Radar Iron (ASX: RAD) has identified a number of new hematite mineralisation targets at its Johnston Range Project that require further drill testing and will also start a new drilling campaign this month.
The new targets were identified following receipt of all assays from the reverse circulation drilling campaign completed in August where 117 holes totalling 6406 metres were drilled to better define the Muldoon resource and first pass testing of a number of prospects in the Johnston Range area.
Seven holes were completed in a new area containing at least three separate banded iron formation (BIF) units. Four of these holes returned significant mineralised intercepts – the best being 22 metres at 56.9% iron. This BIF unit has been mapped as extending over 500 metres.
The Muldoon East prospect also returned anomalous results that were patchy in nature. Potential exists to identify a number of discrete zones of mineralisation along the trend. Drilling is scheduled to commence after further interpretation.
Other isolated intercepts provide encouragement that further drill testing will prove up potential DSO quality mineralisation.
Near the northern end of Muldoon drilling at a 200 metre long BIF returned a best intercept of 12 metres at 55.1% iron while to the north of Muldoon (Rowling and Shipley Prospects), an 8 kilometre extent of multiple BIF outcrop with numerous zones of anomalous hematite enrichment has been identified.
The largest new zone of potential mineralisation lies about 3 kilometres to the north of Muldoon and is a 700 metre long outcrop of BIF in which a single hole returned 14 metres at 54.4% iron. Intercepts of 14 metres at 54.7% iron and 6 metres at 55.4% iron were received a further 3 kilometres north on a 200 metres long BIF outcrop (Figure 4).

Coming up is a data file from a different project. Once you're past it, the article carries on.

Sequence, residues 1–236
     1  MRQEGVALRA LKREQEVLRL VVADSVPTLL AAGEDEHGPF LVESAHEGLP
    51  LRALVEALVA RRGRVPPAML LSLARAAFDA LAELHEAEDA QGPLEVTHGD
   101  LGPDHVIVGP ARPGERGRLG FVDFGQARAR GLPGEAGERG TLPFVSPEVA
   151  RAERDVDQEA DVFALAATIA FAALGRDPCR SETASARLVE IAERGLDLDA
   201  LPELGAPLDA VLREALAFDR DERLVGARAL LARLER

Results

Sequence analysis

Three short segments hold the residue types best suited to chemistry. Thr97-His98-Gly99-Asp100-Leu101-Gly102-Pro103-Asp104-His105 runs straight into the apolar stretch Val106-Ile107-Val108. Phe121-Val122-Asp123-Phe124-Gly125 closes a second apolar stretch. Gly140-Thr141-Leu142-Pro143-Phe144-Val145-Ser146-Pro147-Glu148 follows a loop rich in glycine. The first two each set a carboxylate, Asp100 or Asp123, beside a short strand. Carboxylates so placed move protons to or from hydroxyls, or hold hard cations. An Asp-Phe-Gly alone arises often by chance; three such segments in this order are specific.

The drilling campaign also provided better definition of the existing Muldoon mineralisation, indicating a greater thickness to the south than previously recognised.
This could result in an increased resource from the current JORC Inferred Resource of 2.1 million tonnes at 57.6% iron once further geological modelling is undertaken.
The drilling also made a number of encouraging isolated intercepts that provide further possible targets.
Managing director Jonathan Lea said Radar is maintaining its focus on becoming a hematite producer when the Port of Esperance is expanded.
“In addition to the ongoing exploration and drilling programs, a number of studies are continuing in order to meet requirements for mine planning and project approval.”
New drilling campaign
Radar’s September drilling campaign is designed to test existing targets at Johnston Range and also at first pass testing of a number of prospects in the Evanston and Jackson project areas.
This will further define the hematite resource in the Johnston range area .
Following ground magnetic surveying and targeting using all available information, a number of areas in the Evanston and Jackson Project areas will be targeted and prioritised for first pass drill testing.
The drilling is focussed solely on testing the hematite potential of these targets.
Radar has also acquired a new 9 square kilometre tenement near the apex of the Johnston Range syncline in a structurally favourable setting.
E77/1961, within the Johnston Range Project area (Figure 5), contains 18 widely spaced reverse circulation drill holes that were completed by a previous explorer.
The best result was 10 metres at 58.6% iron from 8 metres down hole.
The banded iron in the tenement exhibits substantial folding and faulting and hence lies in a structurally attractive zone for mineralisation. The tenement is perceived as having the potential for a similar mineralisation style to the Muldoon prospect and drill hole targeting will be undertaken in coming months.
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